Is build to rent a good or bad thing for investors, landlords and tenants?

publication date: Aug 3, 2015
author/source: Kate Faulkner, Property Expert and Author of Which? Property Books

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Is build to rent a good or bad thing for
investors, landlords and tenants?

Flats in London - Is Build to Rent a good or bad thing - Kate Faulkner

At last we are starting to make some inroads into the lack of property stock in the UK. With a predicted one in five or more people expected to rent in the future, just building new properties for sale via Help to Buy or 20% discounted homes for first time buyers, isn’t going to help us out of the current hole we have in our stock levels.

So what is build to rent
Abroad we often hear about people renting into their 40s and how ‘great it is’. This is mainly because tenants rent from large corporate landlords, not individual buy to let investors. It also means there are thousands of properties specifically built to rent. Developers abroad tend to build blocks of apartments and housing which is then sold to companies who want to let and manage them. These companies are often backed by pension funds as they like the regular cash flow and returns.

In the UK our developers/corporate landlords tend to have 1% of their stock as residential, whereas abroad it’s as much as 50%. A lack of ‘institutional investment’ as it is referred to has meant we have missed out on huge amounts of additional stock which other countries have benefited from.

Recognising we don’t have this type of market in the UK, build to rent was first boosted by the government a few years ago when they announced a fund to help back developers building properties specifically for long term rent. It didn’t matter whether you were a private developer, housing association or indeed a council, you could apply for the funding and still can.

Done in a clever way, the government effectively loaned or backed loans to developers who were happy to build properties specifically for rent. This means it shouldn’t really cost the taxpayer anything in the long run, but should create a market, which in this country, doesn’t currently exist.

Who will build to rent help?
For any tenant group battling to help their consumers, backing build to rent, to me, should be the greatest priority. At the moment many people are spending their time blaming landlords and letting agents for tenant problems, when in the main, the issues are there just isn’t enough stock to go around and current rules and regulations for letting properties isn’t being enforced.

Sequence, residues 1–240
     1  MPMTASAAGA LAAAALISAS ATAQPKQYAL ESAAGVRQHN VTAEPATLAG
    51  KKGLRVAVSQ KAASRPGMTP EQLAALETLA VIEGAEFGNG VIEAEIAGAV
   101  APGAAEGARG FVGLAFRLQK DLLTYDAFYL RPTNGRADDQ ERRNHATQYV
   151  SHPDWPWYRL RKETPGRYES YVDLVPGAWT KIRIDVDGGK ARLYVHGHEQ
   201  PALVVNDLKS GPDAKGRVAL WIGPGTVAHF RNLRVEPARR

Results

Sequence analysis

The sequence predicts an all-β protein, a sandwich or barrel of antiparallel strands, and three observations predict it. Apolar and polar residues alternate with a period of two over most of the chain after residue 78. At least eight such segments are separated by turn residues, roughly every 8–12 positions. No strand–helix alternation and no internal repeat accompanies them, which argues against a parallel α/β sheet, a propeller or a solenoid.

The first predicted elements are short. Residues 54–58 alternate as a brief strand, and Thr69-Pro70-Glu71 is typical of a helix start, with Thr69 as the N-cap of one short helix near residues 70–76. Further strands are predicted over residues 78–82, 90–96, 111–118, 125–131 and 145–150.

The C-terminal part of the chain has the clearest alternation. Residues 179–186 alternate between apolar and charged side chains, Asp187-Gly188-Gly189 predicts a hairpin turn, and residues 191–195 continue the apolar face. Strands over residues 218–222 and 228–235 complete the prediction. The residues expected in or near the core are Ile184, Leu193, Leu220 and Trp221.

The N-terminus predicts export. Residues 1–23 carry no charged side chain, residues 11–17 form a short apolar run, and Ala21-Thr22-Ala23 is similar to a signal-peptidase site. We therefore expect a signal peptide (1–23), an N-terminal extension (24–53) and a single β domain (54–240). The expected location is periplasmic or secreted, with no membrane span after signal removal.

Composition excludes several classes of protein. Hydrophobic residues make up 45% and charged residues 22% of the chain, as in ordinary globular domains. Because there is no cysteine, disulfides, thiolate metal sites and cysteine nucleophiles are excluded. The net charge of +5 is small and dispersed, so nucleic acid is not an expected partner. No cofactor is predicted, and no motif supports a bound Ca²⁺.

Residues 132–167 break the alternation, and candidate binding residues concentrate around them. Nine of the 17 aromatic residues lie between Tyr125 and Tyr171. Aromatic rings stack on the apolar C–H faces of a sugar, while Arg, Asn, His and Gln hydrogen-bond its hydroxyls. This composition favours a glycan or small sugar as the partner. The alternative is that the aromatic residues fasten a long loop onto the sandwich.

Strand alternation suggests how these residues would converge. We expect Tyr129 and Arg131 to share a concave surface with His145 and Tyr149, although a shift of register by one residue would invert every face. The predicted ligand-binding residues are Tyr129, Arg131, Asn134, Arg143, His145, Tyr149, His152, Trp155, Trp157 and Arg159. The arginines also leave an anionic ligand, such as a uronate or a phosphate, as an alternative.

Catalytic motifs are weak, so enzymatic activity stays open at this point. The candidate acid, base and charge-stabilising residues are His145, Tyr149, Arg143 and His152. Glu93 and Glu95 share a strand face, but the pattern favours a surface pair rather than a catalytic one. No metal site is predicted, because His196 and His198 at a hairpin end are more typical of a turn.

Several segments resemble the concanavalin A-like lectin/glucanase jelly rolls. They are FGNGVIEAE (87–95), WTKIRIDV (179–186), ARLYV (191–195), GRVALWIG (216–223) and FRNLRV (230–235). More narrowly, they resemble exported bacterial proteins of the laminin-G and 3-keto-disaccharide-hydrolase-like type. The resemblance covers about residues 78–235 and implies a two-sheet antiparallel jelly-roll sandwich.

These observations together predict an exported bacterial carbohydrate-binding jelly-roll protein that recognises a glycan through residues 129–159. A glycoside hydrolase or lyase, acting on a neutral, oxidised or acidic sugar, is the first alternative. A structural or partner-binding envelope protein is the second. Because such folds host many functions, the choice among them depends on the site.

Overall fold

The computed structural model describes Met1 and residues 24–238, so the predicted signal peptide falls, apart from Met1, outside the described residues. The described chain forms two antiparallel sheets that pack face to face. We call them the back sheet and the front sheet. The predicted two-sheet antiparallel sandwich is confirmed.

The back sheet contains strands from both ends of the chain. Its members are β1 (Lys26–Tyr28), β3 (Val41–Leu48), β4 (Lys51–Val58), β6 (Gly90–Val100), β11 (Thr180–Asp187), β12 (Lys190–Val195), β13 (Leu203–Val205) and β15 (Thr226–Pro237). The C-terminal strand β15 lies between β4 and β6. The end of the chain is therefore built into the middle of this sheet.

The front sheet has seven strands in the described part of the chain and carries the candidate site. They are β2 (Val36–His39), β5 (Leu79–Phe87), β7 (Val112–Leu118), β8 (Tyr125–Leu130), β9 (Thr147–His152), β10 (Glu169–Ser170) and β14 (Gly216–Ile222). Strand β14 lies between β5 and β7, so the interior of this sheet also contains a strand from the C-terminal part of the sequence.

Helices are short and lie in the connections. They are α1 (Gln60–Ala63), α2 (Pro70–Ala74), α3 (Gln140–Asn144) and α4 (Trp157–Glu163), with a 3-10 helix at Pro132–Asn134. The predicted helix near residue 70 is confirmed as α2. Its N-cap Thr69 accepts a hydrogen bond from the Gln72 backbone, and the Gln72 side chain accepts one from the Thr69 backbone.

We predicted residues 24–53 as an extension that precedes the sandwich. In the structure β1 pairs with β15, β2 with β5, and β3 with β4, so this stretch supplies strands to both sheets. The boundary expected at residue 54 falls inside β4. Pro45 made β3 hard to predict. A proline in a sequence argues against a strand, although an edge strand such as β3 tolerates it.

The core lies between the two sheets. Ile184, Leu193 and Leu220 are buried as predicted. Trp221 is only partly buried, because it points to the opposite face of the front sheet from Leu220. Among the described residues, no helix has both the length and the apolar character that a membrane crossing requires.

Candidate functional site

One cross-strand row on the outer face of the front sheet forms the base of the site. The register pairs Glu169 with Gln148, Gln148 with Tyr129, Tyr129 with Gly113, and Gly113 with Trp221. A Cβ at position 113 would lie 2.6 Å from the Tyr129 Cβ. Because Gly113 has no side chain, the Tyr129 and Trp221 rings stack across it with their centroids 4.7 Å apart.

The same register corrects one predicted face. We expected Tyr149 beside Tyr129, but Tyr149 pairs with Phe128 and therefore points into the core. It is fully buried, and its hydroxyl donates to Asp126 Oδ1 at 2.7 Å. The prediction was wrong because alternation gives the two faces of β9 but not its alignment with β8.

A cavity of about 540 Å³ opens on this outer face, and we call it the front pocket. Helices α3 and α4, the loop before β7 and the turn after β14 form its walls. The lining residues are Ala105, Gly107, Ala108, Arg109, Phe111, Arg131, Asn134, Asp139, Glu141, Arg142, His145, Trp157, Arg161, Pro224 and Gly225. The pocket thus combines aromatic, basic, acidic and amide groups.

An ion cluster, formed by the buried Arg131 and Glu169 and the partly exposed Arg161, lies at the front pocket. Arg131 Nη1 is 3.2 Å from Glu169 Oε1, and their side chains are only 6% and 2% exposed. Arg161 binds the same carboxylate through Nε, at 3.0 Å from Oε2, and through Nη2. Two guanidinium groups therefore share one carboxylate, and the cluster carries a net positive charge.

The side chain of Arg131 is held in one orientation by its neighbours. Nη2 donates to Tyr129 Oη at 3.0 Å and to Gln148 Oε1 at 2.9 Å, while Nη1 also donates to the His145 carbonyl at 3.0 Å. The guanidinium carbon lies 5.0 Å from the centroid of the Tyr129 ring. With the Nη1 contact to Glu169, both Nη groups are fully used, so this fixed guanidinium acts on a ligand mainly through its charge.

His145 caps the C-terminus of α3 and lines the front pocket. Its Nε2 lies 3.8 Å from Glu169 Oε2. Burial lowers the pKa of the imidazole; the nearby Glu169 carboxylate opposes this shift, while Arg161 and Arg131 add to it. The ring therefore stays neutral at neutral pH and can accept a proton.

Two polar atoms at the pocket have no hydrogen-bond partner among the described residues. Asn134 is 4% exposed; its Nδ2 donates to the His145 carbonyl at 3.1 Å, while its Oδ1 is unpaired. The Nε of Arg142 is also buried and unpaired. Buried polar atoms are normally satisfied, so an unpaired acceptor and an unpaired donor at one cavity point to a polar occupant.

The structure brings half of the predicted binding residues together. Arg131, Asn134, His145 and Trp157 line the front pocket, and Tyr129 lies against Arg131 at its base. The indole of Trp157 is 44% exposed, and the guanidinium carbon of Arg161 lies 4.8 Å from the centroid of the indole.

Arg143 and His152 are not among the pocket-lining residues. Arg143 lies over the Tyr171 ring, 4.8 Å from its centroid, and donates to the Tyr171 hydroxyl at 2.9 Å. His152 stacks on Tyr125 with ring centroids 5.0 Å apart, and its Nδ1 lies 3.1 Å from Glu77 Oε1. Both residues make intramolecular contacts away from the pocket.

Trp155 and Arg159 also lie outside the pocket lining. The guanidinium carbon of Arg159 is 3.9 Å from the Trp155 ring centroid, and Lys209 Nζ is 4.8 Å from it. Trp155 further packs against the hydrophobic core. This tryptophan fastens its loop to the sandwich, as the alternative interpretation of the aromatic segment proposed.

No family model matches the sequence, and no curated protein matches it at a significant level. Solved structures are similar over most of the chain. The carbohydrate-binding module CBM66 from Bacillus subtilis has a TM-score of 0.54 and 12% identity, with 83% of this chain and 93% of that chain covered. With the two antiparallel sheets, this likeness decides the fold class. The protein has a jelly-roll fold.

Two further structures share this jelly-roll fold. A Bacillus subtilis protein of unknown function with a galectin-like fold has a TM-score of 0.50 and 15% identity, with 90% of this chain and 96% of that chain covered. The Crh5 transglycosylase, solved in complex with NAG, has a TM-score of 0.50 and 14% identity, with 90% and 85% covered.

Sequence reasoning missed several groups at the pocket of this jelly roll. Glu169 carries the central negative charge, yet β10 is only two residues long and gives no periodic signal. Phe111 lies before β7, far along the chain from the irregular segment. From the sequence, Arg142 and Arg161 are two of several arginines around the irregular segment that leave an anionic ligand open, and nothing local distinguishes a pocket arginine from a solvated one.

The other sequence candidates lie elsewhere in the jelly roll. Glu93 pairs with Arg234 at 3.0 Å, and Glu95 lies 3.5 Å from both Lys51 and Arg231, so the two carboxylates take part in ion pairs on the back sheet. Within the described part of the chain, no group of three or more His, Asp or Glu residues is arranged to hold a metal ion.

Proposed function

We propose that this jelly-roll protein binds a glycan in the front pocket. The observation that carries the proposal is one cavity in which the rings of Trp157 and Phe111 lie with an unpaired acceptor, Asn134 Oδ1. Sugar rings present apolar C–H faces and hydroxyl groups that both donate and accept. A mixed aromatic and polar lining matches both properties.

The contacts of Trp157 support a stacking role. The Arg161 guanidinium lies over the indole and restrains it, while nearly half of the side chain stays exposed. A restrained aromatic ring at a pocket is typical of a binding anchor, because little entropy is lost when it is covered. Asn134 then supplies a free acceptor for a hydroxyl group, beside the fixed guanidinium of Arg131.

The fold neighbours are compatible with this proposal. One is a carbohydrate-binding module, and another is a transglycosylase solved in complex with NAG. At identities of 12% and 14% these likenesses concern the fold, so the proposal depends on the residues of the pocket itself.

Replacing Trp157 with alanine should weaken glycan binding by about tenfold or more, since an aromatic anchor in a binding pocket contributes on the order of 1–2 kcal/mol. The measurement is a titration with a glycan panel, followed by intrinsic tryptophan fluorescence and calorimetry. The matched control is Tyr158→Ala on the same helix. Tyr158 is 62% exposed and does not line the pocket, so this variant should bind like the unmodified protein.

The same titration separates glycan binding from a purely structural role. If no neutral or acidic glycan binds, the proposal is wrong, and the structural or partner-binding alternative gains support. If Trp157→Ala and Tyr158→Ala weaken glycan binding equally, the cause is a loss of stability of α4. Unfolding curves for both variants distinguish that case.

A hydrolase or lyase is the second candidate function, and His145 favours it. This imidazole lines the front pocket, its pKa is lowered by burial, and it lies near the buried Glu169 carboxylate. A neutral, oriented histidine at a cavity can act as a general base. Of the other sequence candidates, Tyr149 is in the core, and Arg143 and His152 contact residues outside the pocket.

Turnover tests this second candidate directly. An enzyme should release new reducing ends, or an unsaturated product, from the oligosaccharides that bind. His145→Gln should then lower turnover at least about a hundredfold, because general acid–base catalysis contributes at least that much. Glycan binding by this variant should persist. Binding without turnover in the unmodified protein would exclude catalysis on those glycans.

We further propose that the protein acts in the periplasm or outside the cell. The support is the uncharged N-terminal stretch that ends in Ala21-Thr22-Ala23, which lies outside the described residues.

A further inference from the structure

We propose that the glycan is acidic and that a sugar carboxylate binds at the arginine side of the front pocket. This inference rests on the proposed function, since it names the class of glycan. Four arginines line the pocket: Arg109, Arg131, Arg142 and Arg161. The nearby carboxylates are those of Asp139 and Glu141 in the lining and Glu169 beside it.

That’s why tenants have little choice and have to accept properties below standard.

Tenants will benefit massively from build to rent because:-

  1. They are built for renting. This means communal areas such as washing facilities which reduce the likelihood of damp and mould and they don’t tend to have gas central heating, so are easy and quick to fix problems.
  2. The landlords are corporate businesses. They make their money from renting property. Individual buy to let investors can end up getting divorced, sick or die, meaning they are forced to sell the property and let the tenant go, especially as nearly 80% of landlords only have one property they let.
  3. They understand tenant’s needs. Corporate landlords tend to build the right properties in the right areas from the start, so they don’t end up trying to rent something which isn’t fit for purpose, much better for the tenant.

Who will build to rent hinder?
We are so short of stock in the UK that it is unlikely that these new corporate landlords will affect returns of individual buy to let investors in the long run. However, in the short term they might. Although in areas like London we have tremendous shortages, in areas like Nottingham, Leeds or Manchester, the shortage isn’t as great.

In the short term, imagine 100 or 1,000 properties being built for rent and coming onto the market in September, just when you are looking to rent your property. It’s likely this could reduce rents for a while, so a wise investor would make sure they already have a tenant in prior to these new properties being released.

Investors looking to expand their portfolio should be double checking whether any properties they intend to buy are near build to rent sites too.

However tenants will find that unlike individual buy to let investors, they will see rent increases in line with inflation plus a bit extra. Most small landlords don’t tend to increase rents for existing tenants, so it’s quite usual for someone to be renting for £800 a month if renting for five years when the market price is actually £1,200.

As such tenants will find whether their wages increase or not, they will see consistent rent rises.

How many homes will be built?
Current estimates are that there are 16,000 build to rent units in the pipeline in London alone, with 29% of all starts in Q1 being for rent in this way. And there is plenty of money waiting in the wings to invest, estimated at £30bn.

Which schemes are already up and running?
The biggest player so far is a company called 'Essential Living'. They are based on London and they already have eight schemes across the South East, hoping to build 5,000 properties for rent.

For more about what’s happening with Build to Rent, visit the .gov website - Build to Rent: guidance and allocations

For guidance on renting visit Propertychecklists' information for tenants.

For guidance on buy to let investment visit Propertychecklists' information on buy to let.

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